1. Open the Queue Viewer as described in the preceding section, “Viewing and Monitoring Queues.”

  2. Highlight the queue you want to view the messages in, as shown in Figure 14-41.

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    Figure 14-41: The Queue Viewer, with the SMTP connector to highlighted.

  3. Double-click the queue to open the Find Messages dialog box, as shown in Figure 14-42.

  4. You can specify search parameters, or to search for all messages in the queue, leave the fields blank and click Find Now.

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    Figure 14-42: The Find Messages dialog box for an SMTP connector.

  5. When the search returns, double-click any of the messages to see the message properties, as shown in Figure 14-43.

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    Figure 14-43: The message properties of a message in the SMTP connector queue.

  6. To freeze, unfreeze, or delete a message in the queue, highlight the message in the Search Results window and right-click it, as shown in Figure 14-44.

  7. If you delete the message, you can choose whether to send the sender a non-delivery report (NDR).

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Figure 14-44: You can freeze, unfreeze, or delete a message, with or without a non-delivery report from the queue.

Shutting down All Outgoing Queues Immediately

If you have a virus loose on the network that is trying to send itself to every e-mail address it can find in one or more of your client address books, you have a problem! Long term, you need to get to the root of why and how the virus got loose on your network and take steps to make sure it can’t happen again. But first and foremost, you need to stop the spread outside your organizationnow.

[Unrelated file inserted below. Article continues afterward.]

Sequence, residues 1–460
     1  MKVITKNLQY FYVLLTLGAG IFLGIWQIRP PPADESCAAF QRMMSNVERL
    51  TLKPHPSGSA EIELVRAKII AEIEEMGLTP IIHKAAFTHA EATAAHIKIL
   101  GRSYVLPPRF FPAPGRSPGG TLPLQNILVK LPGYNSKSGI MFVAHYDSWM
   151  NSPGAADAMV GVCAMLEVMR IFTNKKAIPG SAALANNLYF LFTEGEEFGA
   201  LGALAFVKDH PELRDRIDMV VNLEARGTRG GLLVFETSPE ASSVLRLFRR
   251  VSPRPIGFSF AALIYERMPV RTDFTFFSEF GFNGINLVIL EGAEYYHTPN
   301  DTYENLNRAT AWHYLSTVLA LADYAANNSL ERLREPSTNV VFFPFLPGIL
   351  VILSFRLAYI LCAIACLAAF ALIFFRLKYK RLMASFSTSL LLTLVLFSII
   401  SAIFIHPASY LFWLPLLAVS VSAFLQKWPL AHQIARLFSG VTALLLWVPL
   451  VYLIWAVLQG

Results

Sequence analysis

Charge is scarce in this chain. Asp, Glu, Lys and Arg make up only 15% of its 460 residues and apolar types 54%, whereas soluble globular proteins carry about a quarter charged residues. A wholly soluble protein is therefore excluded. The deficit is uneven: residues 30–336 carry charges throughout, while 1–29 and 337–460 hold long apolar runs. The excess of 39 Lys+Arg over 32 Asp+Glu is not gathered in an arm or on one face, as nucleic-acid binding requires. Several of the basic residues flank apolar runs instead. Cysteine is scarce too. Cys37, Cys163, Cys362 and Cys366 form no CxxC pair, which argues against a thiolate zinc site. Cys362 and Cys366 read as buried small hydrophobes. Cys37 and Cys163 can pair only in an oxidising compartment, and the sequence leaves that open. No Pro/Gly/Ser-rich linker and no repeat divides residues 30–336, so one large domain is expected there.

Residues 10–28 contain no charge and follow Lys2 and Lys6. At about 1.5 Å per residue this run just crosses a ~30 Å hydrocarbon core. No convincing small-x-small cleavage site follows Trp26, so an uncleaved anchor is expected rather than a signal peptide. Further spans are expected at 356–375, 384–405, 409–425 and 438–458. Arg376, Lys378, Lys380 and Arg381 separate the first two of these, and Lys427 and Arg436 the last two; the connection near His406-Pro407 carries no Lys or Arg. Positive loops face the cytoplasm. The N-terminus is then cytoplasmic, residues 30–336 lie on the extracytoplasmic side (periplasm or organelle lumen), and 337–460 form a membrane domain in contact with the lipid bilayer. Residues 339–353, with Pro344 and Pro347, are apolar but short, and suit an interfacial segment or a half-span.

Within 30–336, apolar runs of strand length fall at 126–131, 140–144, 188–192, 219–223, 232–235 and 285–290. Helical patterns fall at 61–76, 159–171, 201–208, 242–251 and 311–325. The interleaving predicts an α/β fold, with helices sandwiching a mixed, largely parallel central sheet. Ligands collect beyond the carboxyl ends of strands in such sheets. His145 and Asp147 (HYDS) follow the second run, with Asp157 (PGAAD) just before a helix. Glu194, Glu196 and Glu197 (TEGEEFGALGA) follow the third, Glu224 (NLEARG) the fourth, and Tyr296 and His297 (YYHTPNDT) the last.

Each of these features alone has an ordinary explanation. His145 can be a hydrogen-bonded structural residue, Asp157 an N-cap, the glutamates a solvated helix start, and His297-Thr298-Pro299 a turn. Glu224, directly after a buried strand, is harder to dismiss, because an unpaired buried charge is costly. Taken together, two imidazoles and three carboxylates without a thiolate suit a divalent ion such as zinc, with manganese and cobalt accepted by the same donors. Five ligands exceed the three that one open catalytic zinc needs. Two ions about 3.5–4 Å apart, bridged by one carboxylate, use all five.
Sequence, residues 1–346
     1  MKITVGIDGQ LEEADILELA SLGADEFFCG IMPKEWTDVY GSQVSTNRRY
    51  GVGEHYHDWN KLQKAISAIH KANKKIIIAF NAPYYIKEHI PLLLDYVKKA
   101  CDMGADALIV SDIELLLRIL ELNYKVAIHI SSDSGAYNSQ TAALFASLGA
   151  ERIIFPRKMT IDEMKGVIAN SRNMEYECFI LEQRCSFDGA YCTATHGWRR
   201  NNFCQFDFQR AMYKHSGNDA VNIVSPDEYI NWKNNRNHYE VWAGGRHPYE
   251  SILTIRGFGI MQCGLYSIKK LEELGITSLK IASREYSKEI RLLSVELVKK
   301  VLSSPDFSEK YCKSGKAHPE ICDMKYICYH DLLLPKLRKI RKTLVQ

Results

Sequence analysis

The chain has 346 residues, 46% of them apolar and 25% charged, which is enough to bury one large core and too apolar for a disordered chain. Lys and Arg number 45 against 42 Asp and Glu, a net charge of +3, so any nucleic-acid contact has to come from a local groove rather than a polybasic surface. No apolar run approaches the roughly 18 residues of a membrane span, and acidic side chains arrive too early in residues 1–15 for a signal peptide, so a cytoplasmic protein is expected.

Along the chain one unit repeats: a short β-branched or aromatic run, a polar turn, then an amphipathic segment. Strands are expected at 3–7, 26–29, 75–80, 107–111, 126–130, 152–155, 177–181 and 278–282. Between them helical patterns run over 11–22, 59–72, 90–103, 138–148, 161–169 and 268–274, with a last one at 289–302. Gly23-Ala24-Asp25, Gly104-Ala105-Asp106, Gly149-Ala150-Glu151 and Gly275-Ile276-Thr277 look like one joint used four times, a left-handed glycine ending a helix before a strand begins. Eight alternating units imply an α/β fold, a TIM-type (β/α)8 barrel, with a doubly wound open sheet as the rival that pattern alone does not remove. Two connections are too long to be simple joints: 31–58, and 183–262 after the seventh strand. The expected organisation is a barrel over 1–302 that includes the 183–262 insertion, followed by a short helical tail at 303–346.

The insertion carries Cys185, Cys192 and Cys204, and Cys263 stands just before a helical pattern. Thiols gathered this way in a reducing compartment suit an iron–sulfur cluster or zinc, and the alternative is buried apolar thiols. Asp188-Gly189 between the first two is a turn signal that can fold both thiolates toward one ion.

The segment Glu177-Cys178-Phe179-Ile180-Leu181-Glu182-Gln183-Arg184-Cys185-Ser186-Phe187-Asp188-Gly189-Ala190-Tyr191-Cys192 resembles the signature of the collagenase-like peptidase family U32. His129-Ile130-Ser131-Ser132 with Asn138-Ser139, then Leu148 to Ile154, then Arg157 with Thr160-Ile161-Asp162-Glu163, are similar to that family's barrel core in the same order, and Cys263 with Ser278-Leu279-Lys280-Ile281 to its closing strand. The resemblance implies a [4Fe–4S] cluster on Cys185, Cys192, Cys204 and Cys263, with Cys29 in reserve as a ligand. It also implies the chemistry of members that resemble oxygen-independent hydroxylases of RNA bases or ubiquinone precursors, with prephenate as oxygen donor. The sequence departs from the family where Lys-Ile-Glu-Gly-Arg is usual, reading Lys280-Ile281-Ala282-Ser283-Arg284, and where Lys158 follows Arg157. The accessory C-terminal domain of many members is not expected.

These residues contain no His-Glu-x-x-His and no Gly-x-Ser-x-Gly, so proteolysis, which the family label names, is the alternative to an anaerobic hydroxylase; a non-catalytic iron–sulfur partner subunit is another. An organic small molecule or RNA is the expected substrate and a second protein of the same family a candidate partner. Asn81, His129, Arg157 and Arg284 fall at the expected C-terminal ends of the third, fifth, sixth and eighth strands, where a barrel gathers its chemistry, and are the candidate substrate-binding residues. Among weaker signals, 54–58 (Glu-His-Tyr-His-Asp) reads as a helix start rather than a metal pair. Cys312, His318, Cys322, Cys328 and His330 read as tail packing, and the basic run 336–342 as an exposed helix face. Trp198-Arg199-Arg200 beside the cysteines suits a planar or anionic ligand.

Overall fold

There are a number of ways to do that, up to and including pulling the power plug out of the back of your Windows Small Business Server machine, but that’s just a bit drastic. Probably the smartest and quickest way to make sure you don’t create more problems is to quickly pull the network plug that connects your network to the outside world if you have physical access to the server room. Once that is done, or if you don’t have quick and ready access to the server room when the problem is discovered, you can stop all outgoing e-mail in its tracks on the server itself, without interrupting any other functions on the server—including incoming e-mail—by shutting down all outbound e-mail queues. To shut down all outgoing queues:

  1. Open the Queue Viewer as described in the section “Viewing and Monitoring Queues.”

  2. Click Disable Outbound Mail.

ZAP! That’s it—the e-mail stops. Now you can deal with finding the virus, disabling and removing it, and removing the messages in the outbound queues that have the virus in them. Once you get all that sorted, and it’s safe to start sending mail, click Enable Outbound Mail, and the queues will start sending mail again.

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Microsoft Windows Small Business Server 2003 Administrator's Companion
Microsoft Windows Small Business Server 2003 Administrators Companion (Pro-Administrators Companion)
ISBN: 0735620202
EAN: 2147483647
Year: 2004
Pages: 224